West Virginia Governor Jim Justice signed into law Senate Bill 665 (SB 665) in late March, adjusting massage therapy educational hours and adopting massage therapy establishment licensure. ABMP summarizes the highlights of the bill for you below.
The bill adds to the definition of massage establishment to include mobile businesses and creates a new definition for sole practitioner.
Massage establishment—a place of business where massage therapy is practiced on clients with a physical site/premise or licensed mobile businesses where licensed massage therapists are employees or contractors.
Sole practitioner—a licensed massage therapist who is not an employee or contractor of the sole practitioner or establishment and who provides massage therapy to clients at a specific location, such as a rental space, home office, or an off-site or on-site space.
Massage Therapy Program Hour Requirements
On July 1, 2023, massage therapy programs must offer 625 hours of supervised academic instruction. This is an increase from the currently required 500 hours.
ABMP learned that the West Virginia Massage Therapy Licensure Board (Board) will include a grandparenting section when they draft rules this spring to work with students who will be affected by the program hour change. The Board will also address school curriculum updates and will allow schools enough time to adjust their programs until at least January 1, 2024, if not longer. Of course, this date is not guaranteed until rules are published and adopted. However, ABMP will participate in the rulemaking process to advocate for fair grandparenting and curriculum timeline provisions and will update you when we learn more.
The bill adds new sections relevant to massage establishments, including establishment applications, requirements, prohibited acts, continuing education, renewals and fees, and exemptions. A license to operate a massage establishment will be required effective October 1, 2023.
If a place of business advertises or offers massage therapy services, the business must have a massage establishment license issued by the Board. This requirement does not apply to sole practitioners. A massage establishment can only employ or enter into a contract with licensed West Virginia massage therapists who are US citizens or legal permanent residents with valid work permits. Adult-oriented businesses are not eligible for a massage establishment license from the Board and cannot operate as a massage establishment.
Each applicant for a massage establishment must:
- Submit a completed application.
- Pay the required fee.
SB 665 requires massage establishments to post the Board-issued massage establishment license in a visible location, along with the license of each massage therapist employed by the business, and any other license required by the state. The bill requires initial consultation documents, written consent forms, session notes, and billing records of each client to be properly maintained and secured.
Establishments must document employment or contract relationships. A list of employment contracts must be available during inspections or investigations. Establishments must also maintain a current list of all employees and/or contractors. The list must contain the individual’s full name and license number and expiration date.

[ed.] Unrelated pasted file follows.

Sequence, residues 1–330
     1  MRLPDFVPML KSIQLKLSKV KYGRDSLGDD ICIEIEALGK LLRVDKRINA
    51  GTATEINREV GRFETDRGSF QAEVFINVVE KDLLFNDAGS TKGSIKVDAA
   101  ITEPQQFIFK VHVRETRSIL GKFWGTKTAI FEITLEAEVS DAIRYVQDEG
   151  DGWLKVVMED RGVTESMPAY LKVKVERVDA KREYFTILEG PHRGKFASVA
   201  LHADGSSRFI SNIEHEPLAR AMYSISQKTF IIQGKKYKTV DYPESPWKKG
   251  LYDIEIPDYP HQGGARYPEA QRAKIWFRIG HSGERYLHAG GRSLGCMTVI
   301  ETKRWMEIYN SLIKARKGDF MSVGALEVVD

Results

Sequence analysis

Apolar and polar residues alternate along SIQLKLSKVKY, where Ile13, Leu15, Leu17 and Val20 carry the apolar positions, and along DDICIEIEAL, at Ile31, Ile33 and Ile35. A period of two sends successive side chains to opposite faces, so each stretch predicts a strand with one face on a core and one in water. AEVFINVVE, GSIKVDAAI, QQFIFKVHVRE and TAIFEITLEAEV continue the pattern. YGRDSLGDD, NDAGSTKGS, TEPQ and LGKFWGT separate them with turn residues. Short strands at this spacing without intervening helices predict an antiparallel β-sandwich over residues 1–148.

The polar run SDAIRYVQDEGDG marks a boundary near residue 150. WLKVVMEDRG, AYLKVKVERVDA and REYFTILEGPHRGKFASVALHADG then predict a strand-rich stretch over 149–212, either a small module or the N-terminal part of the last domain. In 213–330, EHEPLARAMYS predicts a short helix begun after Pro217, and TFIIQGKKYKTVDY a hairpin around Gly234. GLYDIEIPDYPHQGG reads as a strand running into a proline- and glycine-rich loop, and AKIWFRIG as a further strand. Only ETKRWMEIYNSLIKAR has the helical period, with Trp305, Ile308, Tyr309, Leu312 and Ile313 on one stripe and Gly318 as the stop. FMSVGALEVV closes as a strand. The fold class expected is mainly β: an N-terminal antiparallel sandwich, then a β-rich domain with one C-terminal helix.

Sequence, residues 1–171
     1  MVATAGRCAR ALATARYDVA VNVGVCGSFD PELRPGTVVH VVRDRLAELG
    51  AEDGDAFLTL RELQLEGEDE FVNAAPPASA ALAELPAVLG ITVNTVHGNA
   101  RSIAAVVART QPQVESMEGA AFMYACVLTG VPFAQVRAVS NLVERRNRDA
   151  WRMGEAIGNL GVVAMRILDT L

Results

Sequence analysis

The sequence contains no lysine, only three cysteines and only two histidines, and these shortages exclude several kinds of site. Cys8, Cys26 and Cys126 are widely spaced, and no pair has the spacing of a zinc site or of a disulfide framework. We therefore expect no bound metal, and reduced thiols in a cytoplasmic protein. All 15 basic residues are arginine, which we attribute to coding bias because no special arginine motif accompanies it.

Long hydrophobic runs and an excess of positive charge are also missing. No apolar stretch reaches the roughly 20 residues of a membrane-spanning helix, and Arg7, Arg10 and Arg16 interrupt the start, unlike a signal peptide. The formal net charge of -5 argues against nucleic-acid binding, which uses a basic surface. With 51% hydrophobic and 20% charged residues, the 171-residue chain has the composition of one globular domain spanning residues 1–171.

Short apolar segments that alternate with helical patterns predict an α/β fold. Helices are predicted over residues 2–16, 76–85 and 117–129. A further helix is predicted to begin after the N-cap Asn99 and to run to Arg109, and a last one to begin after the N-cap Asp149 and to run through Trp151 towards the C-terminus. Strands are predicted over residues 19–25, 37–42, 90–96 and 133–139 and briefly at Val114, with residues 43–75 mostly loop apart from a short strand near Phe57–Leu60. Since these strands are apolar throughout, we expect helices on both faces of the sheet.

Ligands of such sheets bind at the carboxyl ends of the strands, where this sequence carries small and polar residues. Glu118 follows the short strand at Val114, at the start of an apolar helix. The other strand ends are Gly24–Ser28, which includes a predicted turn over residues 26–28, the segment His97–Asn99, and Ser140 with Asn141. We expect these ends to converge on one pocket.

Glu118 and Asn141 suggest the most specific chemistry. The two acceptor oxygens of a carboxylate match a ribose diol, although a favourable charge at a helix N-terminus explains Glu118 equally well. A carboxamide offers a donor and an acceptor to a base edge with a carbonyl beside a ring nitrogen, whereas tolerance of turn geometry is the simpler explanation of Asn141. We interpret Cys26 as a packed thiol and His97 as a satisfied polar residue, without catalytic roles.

Establishment Prohibited Acts
The bill states that massage establishments cannot:
- Employ or enter a contract with an individual to perform massage services if that individual is not a licensed West Virginia massage therapist.
- Employ or enter a contract with an individual who is not a US citizen or legal resident with a valid work permit.
- Allow a nude, or partially nude, employee to provide massage therapy or other massage services.
- Allow any individual, including a client, license holder, or employee, to engage in sexual contact in the massage establishment.
- Allow any individual, including a license holder, employee, or contract employee, to practice massage therapy in the nude or in clothing designed to arouse or gratify sexual desire.
- Allow any individual, including a license holder, employee, or contract employee, to live on the premises of the massage establishment.
Establishment Continuing Education
Beginning July 1, 2025, establishment license holders who are not licensed massage therapists must obtain two hours of continuing education every two years. The continuing education topics must cover massage therapy laws and rules. Establishment license holders must provide certificate(s) of completion to the Board by October 1, 2025, along with their establishment license renewal application.
Establishment Renewal and Fees
The bill states that a massage establishment license must be renewed every two years. The process will include a renewal form and fee. The Board will create the form and determine the fee in the spring. The Board will also adopt fees for establishment inspection fees.
SB 665 exempts certain businesses from establishment licensure if they meet one of the following criteria:
- If the place of business is owned by the federal government, the state, a political subdivision of the state, or offers massage services authorized under other state-issued professional or occupational license(s), or
- If, at the place of business, a licensed massage therapist practices as a sole practitioner.
- The sole practitioner does not use a business name.
- The sole practitioner uses a business name and provides the massage therapist’s full legal name or license number in each advertisement and each time the business name appears in writing.